In 1534, Thomas Cromwell began his Visitation of the Monasteries. The official aim of these visits was to view the character of those running it. Unofficially, however, his other purpose was to value the properties they ran, and to take inventory of their assets. The reason for this was because at around this time, the state’s treasuries were already running low, and Henry VIII needed a new source of revenues.
With the See of Rome Act pushed through in Parliament in 1536, Henry ordered the Dissolution of the Monasteries, also called the Dissolution of the Lesser Monasteries. It must be understood that it wasn’t just the monasteries per se that the King targeted. It was all the properties of the Catholic Church throughout England, Wales, and Ireland which had an income of under £ 200 a year – a tremendous amount of money in those days. It is estimated that in the 16th century, church properties throughout the country raked in about 25% of the nation’s total land wealth. He disbanded the convents, the monasteries themselves, the priories, and the friaries, confiscated their income, disposed of their assets, and took control of over some 850 of them, while their leaders were granted a pension as compensation.
About 67 were given permission to continue operating, but they had to pay the King in order to do so. Those which were closed were gutted for their materials, and redistributed among the general populace or auctioned off among the wealthy. Lands were likewise confiscated and treated in the same way. This was met with mixed reactions from the general public. On the one hand, many depended on the livelihood and charity provided by a number of these sectarian establishments, even non-Catholics. Some even served as free hospitals and orphanages. With their closure, those who worked in them lost their sources of income. For others who were poor, the Church facilities were their only means of support and survival. Among a number of the Catholics, however, this was seen as the rankest heresy. The most notable protest movement was the one led by Robert Aske, a barrister who led a rebellion in York.
It began on October 1, 1536 in Louth, and moved on to other northern counties, with thousands joining in to protest not just the country’s break from the authority of the Catholic Church in Rome, but the closure of the Church properties, as well. This culminated in the Pilgrimage of Grace, which happened in York, specifically. Thousands of Catholics expelled the new tenants, many of whom were non-secular, and reinstalled the expelled monks and nuns. It is believed that at its height, Aske gathered between thirty to forty thousand followers and supporters. Henry responded by promising a general pardon, and the possible reprieve for some of the monasteries if Aske would disband his followers. Aske believed him, and did just that.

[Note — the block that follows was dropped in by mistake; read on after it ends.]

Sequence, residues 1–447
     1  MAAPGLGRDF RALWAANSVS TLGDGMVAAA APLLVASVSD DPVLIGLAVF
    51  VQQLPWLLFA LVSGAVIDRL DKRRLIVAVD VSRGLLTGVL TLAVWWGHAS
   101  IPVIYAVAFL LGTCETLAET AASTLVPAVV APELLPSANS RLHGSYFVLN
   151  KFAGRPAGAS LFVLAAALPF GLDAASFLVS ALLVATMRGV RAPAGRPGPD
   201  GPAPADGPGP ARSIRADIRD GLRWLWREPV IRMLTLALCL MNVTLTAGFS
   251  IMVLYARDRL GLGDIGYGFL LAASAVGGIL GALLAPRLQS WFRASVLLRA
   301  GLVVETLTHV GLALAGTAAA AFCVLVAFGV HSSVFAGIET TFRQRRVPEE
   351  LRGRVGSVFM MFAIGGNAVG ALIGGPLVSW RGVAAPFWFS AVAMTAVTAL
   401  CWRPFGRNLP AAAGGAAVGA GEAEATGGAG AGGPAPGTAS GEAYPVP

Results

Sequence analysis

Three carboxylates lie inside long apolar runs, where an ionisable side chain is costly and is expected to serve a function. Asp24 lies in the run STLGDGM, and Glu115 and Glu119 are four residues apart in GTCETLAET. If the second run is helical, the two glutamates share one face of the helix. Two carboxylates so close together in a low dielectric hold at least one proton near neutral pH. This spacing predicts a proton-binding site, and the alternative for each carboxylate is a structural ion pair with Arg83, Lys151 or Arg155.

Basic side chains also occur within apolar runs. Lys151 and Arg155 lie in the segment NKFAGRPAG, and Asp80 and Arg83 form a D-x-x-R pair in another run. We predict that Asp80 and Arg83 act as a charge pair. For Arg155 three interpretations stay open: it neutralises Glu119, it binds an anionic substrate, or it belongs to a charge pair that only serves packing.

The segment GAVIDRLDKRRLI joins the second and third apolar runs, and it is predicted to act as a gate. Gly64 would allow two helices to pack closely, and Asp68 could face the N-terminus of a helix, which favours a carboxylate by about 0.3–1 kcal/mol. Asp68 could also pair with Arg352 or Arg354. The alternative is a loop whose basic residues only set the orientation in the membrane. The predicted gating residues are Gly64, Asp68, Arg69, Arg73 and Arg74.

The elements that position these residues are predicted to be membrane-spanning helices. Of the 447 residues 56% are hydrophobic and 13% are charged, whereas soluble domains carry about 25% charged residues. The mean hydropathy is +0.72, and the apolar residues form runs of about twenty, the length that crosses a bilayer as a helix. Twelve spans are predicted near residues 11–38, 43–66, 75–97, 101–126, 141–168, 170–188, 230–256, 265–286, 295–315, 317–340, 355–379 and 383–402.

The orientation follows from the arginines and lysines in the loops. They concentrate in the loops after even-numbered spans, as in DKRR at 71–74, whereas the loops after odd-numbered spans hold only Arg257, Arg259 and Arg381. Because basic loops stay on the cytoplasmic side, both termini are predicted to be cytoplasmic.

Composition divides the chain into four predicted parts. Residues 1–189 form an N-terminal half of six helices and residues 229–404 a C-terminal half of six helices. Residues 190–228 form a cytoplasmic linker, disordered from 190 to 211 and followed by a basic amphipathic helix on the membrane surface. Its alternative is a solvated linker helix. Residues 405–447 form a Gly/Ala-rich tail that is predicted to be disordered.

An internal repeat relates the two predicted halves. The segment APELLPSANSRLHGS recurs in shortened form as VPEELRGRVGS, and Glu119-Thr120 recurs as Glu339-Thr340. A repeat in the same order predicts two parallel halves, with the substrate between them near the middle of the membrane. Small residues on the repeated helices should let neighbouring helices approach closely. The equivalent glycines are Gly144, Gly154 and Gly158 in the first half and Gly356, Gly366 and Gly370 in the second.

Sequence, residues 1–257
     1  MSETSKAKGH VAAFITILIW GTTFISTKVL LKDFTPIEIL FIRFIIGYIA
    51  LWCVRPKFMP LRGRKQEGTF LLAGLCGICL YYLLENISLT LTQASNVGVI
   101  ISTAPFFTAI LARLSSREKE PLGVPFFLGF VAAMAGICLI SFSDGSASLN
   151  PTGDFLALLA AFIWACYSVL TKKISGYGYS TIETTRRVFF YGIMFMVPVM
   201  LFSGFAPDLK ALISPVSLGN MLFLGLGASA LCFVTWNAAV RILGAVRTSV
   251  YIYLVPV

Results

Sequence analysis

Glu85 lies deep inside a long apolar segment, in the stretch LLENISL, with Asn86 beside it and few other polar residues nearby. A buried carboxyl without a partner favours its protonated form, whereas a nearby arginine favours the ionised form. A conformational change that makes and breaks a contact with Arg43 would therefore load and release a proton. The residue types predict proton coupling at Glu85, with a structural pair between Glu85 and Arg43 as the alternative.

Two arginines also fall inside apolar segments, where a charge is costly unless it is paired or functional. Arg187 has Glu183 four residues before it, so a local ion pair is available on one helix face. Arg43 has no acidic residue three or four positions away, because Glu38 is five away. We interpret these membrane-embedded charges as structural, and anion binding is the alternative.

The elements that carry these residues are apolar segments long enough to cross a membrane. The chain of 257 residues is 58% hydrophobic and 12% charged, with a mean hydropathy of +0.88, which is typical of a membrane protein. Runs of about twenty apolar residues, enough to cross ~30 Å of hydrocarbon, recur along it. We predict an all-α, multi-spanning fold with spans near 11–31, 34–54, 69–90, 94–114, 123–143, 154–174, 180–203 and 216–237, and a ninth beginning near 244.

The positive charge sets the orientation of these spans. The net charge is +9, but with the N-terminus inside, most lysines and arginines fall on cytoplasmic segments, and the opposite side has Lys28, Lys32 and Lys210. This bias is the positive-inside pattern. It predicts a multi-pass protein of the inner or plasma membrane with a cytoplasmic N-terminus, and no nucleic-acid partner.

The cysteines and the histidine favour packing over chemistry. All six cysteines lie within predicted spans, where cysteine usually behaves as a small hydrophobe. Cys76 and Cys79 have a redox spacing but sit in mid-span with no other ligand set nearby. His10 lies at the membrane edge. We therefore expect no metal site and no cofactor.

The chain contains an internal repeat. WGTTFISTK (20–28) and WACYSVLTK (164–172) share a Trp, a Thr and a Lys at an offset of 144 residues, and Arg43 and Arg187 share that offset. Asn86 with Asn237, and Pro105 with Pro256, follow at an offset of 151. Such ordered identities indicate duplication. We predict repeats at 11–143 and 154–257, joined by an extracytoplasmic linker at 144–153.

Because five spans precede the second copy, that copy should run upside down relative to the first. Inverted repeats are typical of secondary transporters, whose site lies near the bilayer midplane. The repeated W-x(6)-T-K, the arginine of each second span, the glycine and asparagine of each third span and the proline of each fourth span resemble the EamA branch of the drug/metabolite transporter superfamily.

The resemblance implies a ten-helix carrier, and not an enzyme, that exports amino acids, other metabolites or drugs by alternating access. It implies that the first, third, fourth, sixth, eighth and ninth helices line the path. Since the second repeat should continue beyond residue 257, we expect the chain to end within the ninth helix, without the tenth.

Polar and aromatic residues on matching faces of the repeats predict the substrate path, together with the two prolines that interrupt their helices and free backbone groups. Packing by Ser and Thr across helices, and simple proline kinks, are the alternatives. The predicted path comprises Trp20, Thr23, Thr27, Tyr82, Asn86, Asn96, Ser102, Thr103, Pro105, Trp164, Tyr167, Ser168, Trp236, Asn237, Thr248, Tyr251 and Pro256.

In February 1537, another independent uprising took place in Cumberland and Westmorland. They were led by Sir Francis Bigod and therefore called Bigod’s Rebellion. Henry used this as a basis for having Aske and Bigod, as well as several other men, arrested and convicted of treason. By the end of July 1537, some 216 were executed, including lords, knights, abbots, monks, and parish priests. Generally, however, the dissolution of the monasteries was met with approval, even among the lower levels of clergy who had never stood a chance of promotion. There was also the general perception that many of the religious authorities who ran them were corrupt, as some of these Church properties were incredibly vast and wealthy. A number had acquired their wealth over the centuries, which included the imposition of taxes on tenants and other nearby residents, as well as the dispensation of forgiveness of sins for a price. Many clergy also used their positions to acquire sexual favors from the general populace. In some cases, the actions of the clergy spoke for themselves. At the Bradley monastic house, for example, the prior had fathered six children. At the Lampley Convent and the Lichfield Convent, four nuns had several children each. Finally at the Pershore Monastic House, the monks who were celebrating mass were found to be in a state of inebriation. Even before their dissolution by Henry in 1536, Cardinal Wolsey received the Pope’s approval in 1524 and 1527 to dissolve thirty monasteries that had either decayed, were rife with corruption, or both.